All peoples of the Orient experienced a brutal modernisation imposed from above in the form of colonialism and secular dictatorships. The headscarf, to name one example, the headscarf was not gradually abandoned by Iranian women; in 1936, the Shah sent his soldiers out into the streets to tear the scarves by force from their heads. Unlike in Europe, where modernity – for all the setbacks and crimes – could ultimately be experienced as a process of emancipation and took place gradually over many decades and centuries, it was largely an experience of violence in the Middle East. Modernity was associated not with freedom, but with exploitation and despotism. Imagine an Italian president driving to St Peter’s Basilica by car, jumping onto the altar with his dirty boots and cracking his whip in the Pope’s face – then you will have a rough idea of what it meant when, in 1928, Reza Shah marched through the holy shrine of Qom in his riding boots and responded to the imam’s request to take off his shoes like any other believer by striking him in the face with his whip. And you would find comparable events and key moments in many other Middle Eastern countries which, instead of slowly leaving the past behind, destroyed that past and attempted to erase it from memory.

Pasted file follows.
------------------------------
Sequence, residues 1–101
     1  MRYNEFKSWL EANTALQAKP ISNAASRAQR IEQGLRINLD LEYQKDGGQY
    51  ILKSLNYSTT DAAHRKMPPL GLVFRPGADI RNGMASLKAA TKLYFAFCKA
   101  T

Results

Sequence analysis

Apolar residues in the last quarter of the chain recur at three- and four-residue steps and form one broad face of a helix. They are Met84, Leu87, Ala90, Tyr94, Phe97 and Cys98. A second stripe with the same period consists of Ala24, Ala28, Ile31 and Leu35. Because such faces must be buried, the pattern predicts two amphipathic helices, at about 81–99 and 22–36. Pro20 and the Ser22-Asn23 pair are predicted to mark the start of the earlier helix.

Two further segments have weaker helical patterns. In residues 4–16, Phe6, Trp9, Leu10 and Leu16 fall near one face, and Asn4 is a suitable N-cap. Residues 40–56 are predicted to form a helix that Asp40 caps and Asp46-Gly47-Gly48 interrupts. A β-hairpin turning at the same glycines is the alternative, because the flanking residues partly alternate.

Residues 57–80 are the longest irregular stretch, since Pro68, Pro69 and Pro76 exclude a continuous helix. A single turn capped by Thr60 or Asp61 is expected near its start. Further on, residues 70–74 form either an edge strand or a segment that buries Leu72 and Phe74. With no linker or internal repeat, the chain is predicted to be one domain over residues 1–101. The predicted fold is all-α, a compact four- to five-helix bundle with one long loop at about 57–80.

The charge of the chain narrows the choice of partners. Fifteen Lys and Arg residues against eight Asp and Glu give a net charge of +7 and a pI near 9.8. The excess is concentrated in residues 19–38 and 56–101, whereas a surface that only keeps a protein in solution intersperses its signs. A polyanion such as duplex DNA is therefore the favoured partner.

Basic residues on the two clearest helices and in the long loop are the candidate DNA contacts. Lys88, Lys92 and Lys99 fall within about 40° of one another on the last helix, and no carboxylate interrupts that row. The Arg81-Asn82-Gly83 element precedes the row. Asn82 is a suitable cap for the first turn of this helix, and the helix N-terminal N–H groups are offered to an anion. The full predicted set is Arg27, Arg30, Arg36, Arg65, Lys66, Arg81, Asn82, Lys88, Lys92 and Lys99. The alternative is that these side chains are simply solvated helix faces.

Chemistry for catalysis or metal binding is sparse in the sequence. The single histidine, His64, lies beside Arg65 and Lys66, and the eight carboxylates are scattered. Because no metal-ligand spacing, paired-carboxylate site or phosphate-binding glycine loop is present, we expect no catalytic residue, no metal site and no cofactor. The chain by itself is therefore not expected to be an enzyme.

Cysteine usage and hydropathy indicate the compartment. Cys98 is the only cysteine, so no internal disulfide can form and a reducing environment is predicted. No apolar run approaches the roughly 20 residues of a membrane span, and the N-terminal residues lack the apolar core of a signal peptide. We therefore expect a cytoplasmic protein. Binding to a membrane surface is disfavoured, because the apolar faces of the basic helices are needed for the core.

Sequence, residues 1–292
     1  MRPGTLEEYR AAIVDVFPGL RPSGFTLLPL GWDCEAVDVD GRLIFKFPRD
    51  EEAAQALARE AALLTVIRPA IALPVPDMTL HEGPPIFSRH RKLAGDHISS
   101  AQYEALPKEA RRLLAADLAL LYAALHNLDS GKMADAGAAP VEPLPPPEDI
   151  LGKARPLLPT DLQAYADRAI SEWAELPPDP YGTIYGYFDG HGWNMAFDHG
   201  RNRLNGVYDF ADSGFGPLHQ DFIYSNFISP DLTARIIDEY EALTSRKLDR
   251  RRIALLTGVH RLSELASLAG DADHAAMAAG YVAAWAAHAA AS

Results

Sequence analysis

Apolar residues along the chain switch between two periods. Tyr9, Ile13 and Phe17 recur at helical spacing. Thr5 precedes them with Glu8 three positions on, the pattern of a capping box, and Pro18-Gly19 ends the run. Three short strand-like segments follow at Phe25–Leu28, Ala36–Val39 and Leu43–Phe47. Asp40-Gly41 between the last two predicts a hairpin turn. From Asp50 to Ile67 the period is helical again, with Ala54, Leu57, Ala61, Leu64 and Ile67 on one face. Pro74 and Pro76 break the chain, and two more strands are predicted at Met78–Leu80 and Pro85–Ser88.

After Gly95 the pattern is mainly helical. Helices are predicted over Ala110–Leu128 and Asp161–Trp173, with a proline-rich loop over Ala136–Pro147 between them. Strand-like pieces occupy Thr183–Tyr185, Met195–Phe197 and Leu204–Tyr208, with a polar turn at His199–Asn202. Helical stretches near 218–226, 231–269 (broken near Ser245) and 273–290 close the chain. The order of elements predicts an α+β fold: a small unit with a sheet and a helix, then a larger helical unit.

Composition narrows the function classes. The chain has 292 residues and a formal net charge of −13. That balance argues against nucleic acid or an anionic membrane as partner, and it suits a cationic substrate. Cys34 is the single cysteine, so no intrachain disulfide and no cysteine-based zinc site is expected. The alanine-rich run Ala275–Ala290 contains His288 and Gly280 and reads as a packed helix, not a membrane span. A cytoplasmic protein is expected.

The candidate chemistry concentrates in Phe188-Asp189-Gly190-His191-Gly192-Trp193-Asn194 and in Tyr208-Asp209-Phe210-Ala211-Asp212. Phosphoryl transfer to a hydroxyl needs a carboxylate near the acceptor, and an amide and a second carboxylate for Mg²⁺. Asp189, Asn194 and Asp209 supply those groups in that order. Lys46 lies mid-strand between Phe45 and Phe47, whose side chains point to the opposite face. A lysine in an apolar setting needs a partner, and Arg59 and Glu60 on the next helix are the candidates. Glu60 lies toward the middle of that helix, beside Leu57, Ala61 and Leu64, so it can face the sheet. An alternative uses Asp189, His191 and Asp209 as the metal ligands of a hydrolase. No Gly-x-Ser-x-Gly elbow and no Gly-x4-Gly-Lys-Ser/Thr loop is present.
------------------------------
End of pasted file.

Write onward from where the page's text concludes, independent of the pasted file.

One might have thought that the religious fundamentalists who gained influence throughout the Islamic world after the failure of nationalism would have valued their own culture. Yet the opposite was the case: by seeking to return to a purported point of origin, they not only neglected Islamic tradition, but decidedly fought against it. We are only surprised by Islamic State’s acts of iconoclasm because we never noticed that there are virtually no ancient relics left in Saudi Arabia. In Mecca, the Wahhabis destroyed the graves and mosques of the Prophet’s closest kin, and even his house of birth. The historic mosque of the Prophet in Medina was replaced with a gigantic new building, and the place where the house Mohammed inhabited with his wife Khadija stood until a few years ago is now the site of a public toilet.